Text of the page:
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Can Genetic Testing Help You Get in Shape?

Find out how genetic testing works and how to choose the perfect exercise program for you based on your genetics.

By
Ben Greenfield,
July 18, 2016
Episode #295

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A recent blog headline caught my attention: Training in Line With Your Genetic Potential Can Boost Your Performance Gains More Than 600%.

So could this be true?

Can you really use your genetics to get massive breakthroughs in fitness?

How Genetic Testing Works

So let’s first take a quick look at how genetic testing works.

Genetic tests are typically performed on a sample of blood, hair, skin, amniotic fluid (the fluid that surrounds a fetus during pregnancy), or saliva. Most modern popular DNA tests for fitness or nutrition, including the one you’ve likely heard of—23andme—use a saliva sample in a method called a “spit test.” Although it isn’t a map of your entire detailed genome, this direct-to-consumer genetic testing, also known as at-home ­genetic testing, allows you to conveniently get a glimpse of important sections of your DNA, including parts that affect your fitness.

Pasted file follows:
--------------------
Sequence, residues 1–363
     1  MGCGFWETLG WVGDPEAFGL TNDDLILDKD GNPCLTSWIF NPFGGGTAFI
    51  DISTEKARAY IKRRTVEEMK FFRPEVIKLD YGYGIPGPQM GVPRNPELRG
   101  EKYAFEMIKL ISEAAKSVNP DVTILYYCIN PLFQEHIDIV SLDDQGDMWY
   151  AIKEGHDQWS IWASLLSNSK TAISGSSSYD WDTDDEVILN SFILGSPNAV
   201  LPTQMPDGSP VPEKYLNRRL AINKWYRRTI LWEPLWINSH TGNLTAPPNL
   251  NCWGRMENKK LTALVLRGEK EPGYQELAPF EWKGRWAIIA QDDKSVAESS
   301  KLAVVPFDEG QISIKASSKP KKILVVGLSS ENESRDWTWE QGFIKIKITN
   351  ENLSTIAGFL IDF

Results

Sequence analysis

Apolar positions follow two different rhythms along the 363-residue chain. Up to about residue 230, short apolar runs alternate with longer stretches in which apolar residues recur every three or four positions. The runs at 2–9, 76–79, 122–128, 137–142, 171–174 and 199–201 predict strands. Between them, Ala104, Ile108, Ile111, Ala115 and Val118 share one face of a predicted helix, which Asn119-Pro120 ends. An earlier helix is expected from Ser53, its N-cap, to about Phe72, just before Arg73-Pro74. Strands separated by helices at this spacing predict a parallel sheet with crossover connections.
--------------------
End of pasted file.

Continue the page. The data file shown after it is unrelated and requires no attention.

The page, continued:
Just one mouthful of your saliva contains a huge amount of biological material from which your genetic blueprint can be determined, including hundreds of complex protein molecules called enzymes, along with cells sloughed off from the inside of your cheek. Inside each of these cells is a nucleus, and inside each of these nuclei are chromosomes. Chromosomes are made up of DNA, the double-stranded molecule that affect protein programming in your body, including how you look, how you act, how you process certain types of food, and how your muscles work. 

Genetic Testing for Fitness

Let’s take a look at how different enzymes can affect your fitness. 

One enzyme is called ACE, or “Angiotensin I-converting enzyme.” This is a small enzyme that plays an important role in blood pressure regulation and electrolyte balance. Its activity leads to blood vessel constriction and increased blood pressure, and it is also the most researched gene in relation to exercise performance.

If you have what is called a “DD” copy of this gene, then power-based training is recommended, and you get good muscle growth from weight training and strength sports, along with good muscle recovery. On the flip side, you need to ensure your blood pressure is monitored during high intensity exercise because it can tend to get too high.  

Interestingly, when it comes to nutrition, this same D variation may increase sensitivity to refined carbohydrates and lead to reduced insulin sensitivity, especially in overweight individuals. 

If you have the “ID” version of this gene, then a mixture of power and endurance based training recommended.

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